Soon, a Hindraf political party

By Baradan Kuppusamy (The Malaysian Insider)

KUALA LUMPUR, April 18 — Major changes are under way in the Hindraf and Makkal Sakthi movement.

The changes could possibly see the return of Hindraf founding chairman P. Waythamoorthy from self-imposed exile in London, the setting up of a new Indian political party and an affiliate mass-based NGO, and the release of the three remaining Hindraf leaders in ISA detention including P. Uthayakumar.

These are among changes seen by Hindraf leaders as necessary to get the movement out of the rut it is in — splintered and without a coherent agenda and vision.

These changes, if they pan out, would have a significant impact on all Indian-based political parties like the MIC, PPP and the splintered IPF, all of which claim to represent the Tamil working class.

A new Hindraf/Makkal Sakthi-based political party, possibly called the Makkal Sakthi Congress, according to a national Hindraf co-coordinator, would significantly erode Indian support for the traditional Indian-based political parties.

The worst to be affected would be the MIC which claims 750,000 members, more than half the Indian population, but which lost massively in the March 8, 2008 general election.

Opposition political parties like PKR and the DAP that rode the Hindraf wave and benefited hugely would also suffer if a new Hindraf/Makkal Sakthi political party is set up.

“It is time we set up a new political platform to unite, consolidate and fight for Indian rights,” said Hindraf national co-coordinator R.S. Thanenthiran.

“We have to move up the value chain and the next logical step is our own political vehicle,” he told The Malaysian Insider. “Our own political vehicle would enhance out struggle.”

He said currently Makkal Sakthi is heavily splintered and exploited by various political parties for their own ends.

“We want to end this situation and take off boldly on our own.”

It is also learned that the government has sent out feelers to Hindraf leaders here and abroad and that negotiations have started with the aim of finding a new formula under which all sides can be accommodated.

However, Hindraf founders Waythamoorthy and his brother Uthayakumar remain ambiguous about the role for the Makkal Sakthi movement that was sparked by the Nov 25, 2007 demonstration in the federal capital.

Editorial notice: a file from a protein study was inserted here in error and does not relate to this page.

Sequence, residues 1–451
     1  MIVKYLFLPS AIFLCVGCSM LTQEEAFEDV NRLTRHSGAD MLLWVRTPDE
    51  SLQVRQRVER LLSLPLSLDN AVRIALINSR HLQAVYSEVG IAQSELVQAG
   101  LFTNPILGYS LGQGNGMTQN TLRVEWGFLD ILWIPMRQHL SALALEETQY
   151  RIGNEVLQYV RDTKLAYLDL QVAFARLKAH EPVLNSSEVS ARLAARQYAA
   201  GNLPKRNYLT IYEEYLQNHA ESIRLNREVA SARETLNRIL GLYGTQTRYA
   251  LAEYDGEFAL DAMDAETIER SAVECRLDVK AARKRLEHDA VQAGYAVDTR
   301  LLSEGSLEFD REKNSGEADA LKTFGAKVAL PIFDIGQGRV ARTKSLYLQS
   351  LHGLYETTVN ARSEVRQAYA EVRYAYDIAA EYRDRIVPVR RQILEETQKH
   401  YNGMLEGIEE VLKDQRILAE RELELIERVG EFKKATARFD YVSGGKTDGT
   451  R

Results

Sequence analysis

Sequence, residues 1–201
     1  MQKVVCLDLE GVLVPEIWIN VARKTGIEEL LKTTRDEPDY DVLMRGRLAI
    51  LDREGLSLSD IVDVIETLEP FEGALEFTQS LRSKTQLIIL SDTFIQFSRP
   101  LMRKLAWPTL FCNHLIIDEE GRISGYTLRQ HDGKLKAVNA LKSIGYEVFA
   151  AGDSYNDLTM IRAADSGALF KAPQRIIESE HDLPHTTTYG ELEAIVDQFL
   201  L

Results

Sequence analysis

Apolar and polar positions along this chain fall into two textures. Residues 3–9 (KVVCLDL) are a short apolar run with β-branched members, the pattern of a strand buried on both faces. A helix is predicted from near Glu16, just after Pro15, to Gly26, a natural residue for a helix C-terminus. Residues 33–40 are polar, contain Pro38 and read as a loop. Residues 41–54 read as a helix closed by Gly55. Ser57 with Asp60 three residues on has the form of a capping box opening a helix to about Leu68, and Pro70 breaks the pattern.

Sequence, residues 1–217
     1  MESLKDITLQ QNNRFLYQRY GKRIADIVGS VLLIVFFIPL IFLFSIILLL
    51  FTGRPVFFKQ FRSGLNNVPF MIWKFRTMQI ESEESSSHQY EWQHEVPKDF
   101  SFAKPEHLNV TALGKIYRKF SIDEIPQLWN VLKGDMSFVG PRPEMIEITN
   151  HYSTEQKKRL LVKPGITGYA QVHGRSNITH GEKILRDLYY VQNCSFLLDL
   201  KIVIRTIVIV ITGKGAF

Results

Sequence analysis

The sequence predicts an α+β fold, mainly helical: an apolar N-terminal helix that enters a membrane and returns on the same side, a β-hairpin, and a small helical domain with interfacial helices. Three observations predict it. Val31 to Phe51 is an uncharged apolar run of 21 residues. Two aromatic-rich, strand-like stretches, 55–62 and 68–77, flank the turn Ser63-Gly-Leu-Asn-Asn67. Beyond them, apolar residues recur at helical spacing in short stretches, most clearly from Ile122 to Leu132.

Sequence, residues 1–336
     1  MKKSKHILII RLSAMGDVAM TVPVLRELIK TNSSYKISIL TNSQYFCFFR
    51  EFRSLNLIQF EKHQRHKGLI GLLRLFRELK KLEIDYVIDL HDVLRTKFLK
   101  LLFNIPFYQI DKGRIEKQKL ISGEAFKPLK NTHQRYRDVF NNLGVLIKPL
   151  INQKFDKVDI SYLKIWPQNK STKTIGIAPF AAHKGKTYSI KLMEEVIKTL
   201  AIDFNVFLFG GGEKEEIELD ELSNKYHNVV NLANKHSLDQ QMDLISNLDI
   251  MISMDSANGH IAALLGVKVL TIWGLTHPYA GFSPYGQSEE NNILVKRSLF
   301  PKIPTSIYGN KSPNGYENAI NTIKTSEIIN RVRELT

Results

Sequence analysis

They alternate between wanting a political vehicle of their own and remaining non-political.

Earlier this week Waythamoorthy announced that he had dissolved all coordinator positions in the movement and had formed new coordinating committees to enhance their position.

One of those dropped is Thanenthiran who however told The Malaysian Insider that the move is misunderstood.

“We are just clearing the deck ahead of forming a new political organisation,” he said, adding they hope to consolidate and take off in the next three months.

A meeting would be held in Chennai, India next month to work out the form and shape of the new political organisation and the political role it wants to play.

A major issue is which side of the divide the new party would be on.

The choices are Pakatan Rakyat, Barisan Nasional or to be independent — a difficult choice to make considering Indian grassroots sentiments remain with the PR as the recent Bukit Selambau by-election results indicate.

Indian voters are willing, despite initial fears of “creeping Islam”, to even vote for PAS in overwhelming numbers.

“They feel comfortable with the Pakatan for now and over time that support will become institutionalised and become a permanent trend unless the MIC and the BN make over urgently,” political scientist Dr Denison Jayasooriya told The Malaysian Insider.

“It is a now or never situation for the MIC and the BN,” he said, adding the political landscape is constantly changing as the old rules are discarded and new players enter the fray.